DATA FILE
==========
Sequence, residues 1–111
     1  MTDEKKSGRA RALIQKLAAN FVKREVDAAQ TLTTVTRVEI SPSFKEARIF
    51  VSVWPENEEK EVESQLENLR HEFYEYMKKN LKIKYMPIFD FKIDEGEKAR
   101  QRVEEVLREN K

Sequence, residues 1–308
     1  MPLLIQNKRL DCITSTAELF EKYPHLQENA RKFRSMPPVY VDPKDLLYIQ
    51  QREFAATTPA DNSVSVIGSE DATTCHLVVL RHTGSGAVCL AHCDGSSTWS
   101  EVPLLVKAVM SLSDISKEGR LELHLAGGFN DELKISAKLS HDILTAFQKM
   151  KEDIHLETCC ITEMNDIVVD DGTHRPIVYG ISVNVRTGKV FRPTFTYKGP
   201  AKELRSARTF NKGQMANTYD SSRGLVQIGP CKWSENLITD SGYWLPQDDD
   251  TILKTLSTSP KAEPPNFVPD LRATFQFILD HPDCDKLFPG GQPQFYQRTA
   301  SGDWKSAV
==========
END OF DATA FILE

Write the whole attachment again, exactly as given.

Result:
Sequence, residues 1–111
     1  MTDEKKSGRA RALIQKLAAN FVKREVDAAQ TLTTVTRVEI SPSFKEARIF
    51  VSVWPENEEK EVESQLENLR HEFYEYMKKN LKIKYMPIFD FKIDEGEKAR
   101  QRVEEVLREN K

Sequence, residues 1–308
     1  MPLLIQNKRL DCITSTAELF EKYPHLQENA RKFRSMPPVY VDPKDLLYIQ
    51  QREFAATTPA DNSVSVIGSE DATTCHLVVL RHTGSGAVCL AHCDGSSTWS
   101  EVPLLVKAVM SLSDISKEGR LELHLAGGFN DELKISAKLS HDILTAFQKM
   151  KEDIHLETCC ITEMNDIVVD DGTHRPIVYG ISVNVRTGKV FRPTFTYKGP
   201  AKELRSARTF NKGQMANTYD SSRGLVQIGP CKWSENLITD SGYWLPQDDD
   251  TILKTLSTSP KAEPPNFVPD LRATFQFILD HPDCDKLFPG GQPQFYQRTA
   301  SGDWKSAV